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The form your grievance and disciplinary procedures should take

Staff complaints can make for awkward situations, but having grievance and disciplinary procedures in place will help you quickly establish the facts and take action.
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No one wants to acknowledge that some employees don’t do their work or resort to bullying. We’re adults, after all, but alas these things happen. That being the case, it’s handy to have grievance and disciplinary procedures ready for when the occasion arises.

Here’s a few things to keep in mind when you formulate your own, starting with the Acas guide – think of it as your best friend.

Setting out the grievance process

Grievances are complaints raised by employees about work, spanning workload, environment and even colleagues. Your company should be making it easy for staff to get these views, even if negative, across.

Namely, you should share your grievance procedure with employees from the outset – that’s law, the Acas guide is very specific about this. You really need to read it. If an employment tribunal later finds you didn’t follow the basics then up to 25 per cent compensation can be awarded to staff, but I digress. 

Often included in the pages of the employee handbook, information about your grievance and disciplinary procedures must include who to contact and be written in a clear and concise manner. 

Managers should also be given knowledge on what actions are considered reasonable. This way, the situation can be handled fairly and consistently.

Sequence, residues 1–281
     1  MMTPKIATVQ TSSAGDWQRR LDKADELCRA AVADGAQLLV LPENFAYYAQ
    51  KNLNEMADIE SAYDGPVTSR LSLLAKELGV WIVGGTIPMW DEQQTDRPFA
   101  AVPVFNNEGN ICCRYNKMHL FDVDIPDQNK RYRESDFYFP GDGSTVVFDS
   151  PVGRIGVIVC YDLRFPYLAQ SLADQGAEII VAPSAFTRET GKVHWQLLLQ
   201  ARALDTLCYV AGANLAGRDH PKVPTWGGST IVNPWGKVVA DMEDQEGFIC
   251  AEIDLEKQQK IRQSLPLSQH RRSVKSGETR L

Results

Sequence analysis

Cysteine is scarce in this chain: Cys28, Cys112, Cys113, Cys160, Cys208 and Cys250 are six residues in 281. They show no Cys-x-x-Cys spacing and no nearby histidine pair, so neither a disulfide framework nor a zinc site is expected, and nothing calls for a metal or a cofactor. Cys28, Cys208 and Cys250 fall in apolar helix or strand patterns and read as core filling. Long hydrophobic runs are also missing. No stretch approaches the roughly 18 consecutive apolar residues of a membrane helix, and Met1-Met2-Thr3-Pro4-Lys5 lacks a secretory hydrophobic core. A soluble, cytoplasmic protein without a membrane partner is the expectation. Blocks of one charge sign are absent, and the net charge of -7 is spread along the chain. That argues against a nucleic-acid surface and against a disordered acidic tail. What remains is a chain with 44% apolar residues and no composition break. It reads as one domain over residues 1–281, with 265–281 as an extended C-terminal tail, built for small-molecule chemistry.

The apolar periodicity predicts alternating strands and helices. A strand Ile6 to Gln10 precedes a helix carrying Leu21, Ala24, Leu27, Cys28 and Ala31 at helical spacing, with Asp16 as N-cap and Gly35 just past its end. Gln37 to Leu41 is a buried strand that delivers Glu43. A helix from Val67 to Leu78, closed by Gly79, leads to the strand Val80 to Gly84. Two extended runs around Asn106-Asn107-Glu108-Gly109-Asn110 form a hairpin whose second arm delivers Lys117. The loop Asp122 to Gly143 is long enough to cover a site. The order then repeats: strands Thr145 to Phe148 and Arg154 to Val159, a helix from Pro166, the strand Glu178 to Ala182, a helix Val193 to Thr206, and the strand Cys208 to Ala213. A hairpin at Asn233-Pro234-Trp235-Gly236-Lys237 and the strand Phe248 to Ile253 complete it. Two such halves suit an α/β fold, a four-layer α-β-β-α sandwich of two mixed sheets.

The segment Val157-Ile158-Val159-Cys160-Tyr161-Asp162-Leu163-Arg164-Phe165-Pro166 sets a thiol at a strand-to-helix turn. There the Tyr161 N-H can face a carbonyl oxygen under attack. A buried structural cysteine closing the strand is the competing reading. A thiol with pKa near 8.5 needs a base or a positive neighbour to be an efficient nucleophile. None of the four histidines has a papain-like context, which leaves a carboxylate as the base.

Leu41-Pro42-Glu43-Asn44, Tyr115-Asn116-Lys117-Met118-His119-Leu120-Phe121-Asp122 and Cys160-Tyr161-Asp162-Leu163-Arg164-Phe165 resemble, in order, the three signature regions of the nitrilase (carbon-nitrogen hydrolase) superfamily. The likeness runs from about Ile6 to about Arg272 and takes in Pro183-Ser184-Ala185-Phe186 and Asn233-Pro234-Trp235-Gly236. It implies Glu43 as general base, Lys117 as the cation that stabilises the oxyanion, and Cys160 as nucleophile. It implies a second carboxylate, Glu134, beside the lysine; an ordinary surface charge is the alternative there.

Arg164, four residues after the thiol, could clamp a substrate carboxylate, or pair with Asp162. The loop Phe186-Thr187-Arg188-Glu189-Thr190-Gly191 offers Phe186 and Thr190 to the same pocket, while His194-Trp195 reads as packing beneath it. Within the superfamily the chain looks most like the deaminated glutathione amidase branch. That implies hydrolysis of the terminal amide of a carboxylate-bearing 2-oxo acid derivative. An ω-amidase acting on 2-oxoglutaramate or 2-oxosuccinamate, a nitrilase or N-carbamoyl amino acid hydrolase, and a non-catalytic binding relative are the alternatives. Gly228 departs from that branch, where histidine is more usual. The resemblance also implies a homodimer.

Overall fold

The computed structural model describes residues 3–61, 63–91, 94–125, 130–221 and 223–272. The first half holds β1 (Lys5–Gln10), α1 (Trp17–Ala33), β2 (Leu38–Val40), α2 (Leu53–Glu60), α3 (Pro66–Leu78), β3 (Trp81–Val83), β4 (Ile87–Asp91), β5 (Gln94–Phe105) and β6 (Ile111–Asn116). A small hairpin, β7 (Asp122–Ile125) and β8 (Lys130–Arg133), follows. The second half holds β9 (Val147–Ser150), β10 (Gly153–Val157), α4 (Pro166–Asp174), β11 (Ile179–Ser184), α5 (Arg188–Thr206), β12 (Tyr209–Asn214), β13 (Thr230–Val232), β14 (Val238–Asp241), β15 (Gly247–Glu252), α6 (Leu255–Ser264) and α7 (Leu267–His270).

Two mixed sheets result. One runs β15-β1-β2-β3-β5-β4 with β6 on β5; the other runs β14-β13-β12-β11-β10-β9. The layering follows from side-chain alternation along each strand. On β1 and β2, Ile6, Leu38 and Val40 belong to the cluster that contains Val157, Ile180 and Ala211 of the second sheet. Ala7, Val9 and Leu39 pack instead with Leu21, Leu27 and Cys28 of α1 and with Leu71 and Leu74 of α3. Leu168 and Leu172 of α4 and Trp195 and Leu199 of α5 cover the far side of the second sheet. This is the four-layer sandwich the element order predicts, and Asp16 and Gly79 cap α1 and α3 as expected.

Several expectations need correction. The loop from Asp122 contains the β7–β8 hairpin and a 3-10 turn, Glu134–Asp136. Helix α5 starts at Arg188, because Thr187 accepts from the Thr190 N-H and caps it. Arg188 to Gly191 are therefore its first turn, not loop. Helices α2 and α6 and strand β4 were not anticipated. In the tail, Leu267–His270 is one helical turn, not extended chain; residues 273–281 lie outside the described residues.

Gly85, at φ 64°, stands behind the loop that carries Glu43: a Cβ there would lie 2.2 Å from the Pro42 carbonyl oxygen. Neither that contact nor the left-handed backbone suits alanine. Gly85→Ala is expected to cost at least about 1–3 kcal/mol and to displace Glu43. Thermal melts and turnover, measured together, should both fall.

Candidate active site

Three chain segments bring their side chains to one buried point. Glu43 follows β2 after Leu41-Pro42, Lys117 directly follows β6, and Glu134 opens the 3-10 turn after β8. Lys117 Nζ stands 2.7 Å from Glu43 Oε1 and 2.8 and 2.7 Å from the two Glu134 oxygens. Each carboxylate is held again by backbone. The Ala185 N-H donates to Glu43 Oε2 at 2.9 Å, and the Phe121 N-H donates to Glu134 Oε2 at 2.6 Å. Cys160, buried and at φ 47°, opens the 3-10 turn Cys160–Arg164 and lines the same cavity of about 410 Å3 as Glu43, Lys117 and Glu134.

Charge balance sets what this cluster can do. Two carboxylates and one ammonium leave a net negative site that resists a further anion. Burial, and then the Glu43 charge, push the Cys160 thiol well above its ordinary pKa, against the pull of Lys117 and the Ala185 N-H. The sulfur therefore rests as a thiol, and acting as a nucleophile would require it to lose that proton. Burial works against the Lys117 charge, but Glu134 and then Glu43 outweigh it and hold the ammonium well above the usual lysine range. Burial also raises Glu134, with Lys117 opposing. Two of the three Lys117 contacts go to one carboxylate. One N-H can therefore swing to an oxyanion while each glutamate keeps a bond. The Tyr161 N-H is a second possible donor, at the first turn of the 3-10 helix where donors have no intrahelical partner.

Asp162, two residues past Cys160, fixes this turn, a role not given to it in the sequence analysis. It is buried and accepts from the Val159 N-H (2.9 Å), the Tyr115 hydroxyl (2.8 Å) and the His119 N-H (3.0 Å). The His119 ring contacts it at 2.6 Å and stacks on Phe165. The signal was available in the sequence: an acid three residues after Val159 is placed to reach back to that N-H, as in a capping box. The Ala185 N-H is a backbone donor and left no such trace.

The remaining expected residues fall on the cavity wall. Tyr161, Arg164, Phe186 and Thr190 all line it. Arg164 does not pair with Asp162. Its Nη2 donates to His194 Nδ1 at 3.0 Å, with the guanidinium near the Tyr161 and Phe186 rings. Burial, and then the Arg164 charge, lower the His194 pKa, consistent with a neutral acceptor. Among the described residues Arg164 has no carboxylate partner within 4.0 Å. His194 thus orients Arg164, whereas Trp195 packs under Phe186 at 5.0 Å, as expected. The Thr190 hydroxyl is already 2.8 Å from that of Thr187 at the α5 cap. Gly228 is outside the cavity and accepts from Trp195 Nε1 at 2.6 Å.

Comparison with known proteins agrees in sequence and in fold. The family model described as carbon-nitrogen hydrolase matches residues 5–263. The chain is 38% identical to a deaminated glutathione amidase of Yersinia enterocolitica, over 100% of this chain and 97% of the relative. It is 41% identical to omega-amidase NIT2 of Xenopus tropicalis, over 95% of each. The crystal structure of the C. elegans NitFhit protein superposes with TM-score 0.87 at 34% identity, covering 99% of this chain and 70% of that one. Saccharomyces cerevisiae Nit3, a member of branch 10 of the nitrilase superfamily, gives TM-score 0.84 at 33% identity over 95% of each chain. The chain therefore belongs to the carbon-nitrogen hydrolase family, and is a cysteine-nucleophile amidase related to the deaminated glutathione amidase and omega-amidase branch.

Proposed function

It’s normally suggested employees put their grievances across in writing, after which their line manager will take them to the side to find out more about the situation. It’s best to tackle the problem quickly, which can be done quite efficiently in terms of workload issues, but it’s when other people are involved where things get tricky.

In this case, one would hold a meeting with the employee raising the complaint, to which they are allowed to bring a companion. In case you’re wondering, yes, said companion can voice their opinion. No, they can’t answer on behalf of the employee.

Staff should also be allowed to explain their problem and how they think it should be resolved. Take minutes for all grievance meetings – it will help later on if a disciplinary meeting occurs.

The discipline end of things

It may sounds simple, but never jump to conclusions; look for the facts first. And sometimes a written warning does the trick, especially when it comes to misconduct or poor performance.

Stipulate for how long the warning will remain current. If the situation hasn’t improved since then, a final warning should be sent their way. In the eyes of Acas though: “If an employee’s first misconduct or unsatisfactory performance is sufficiently serious, it may be appropriate to move directly to a final warning. This might occur where the employee’s actions have had, or are liable to have, a harmful impact.”

Any written warning will need to contain an explanation of what will happen if things don’t change for the better. This could be anything from demotion to dismissal, but we’ll focus on the disciplinary meeting – otherwise called a hearing.

You’ll need to clarify in writing what complaint has been made against them and inform them a disciplinary meeting is to take place. Time, place and venue are the fundamental basics you can’t miss out. If any evidence has been provided by the employee who filed the complaint, then include them with the notification. This affords them with preparation material.

As was possible with the grievance meeting, the employee has the right to be accompanied, if you so allow in the case of a hearing – and the same rules apply. Tell them what you’ve heard and allow them to put their own point across. Then decide on which action, if any, you plan to take – and tell both employees involved. 

If an employee files for an appeal against your decision – yes, they can – then it’s best to involve a manager that wasn’t part of the procedure to take a second look.

Image: Shutterstock

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About Author

Shané Schutte

Shané Schutte is a senior reporter at Real Business, with a particular specialism in employment and business law, human resources, information technology and sales/marketing.

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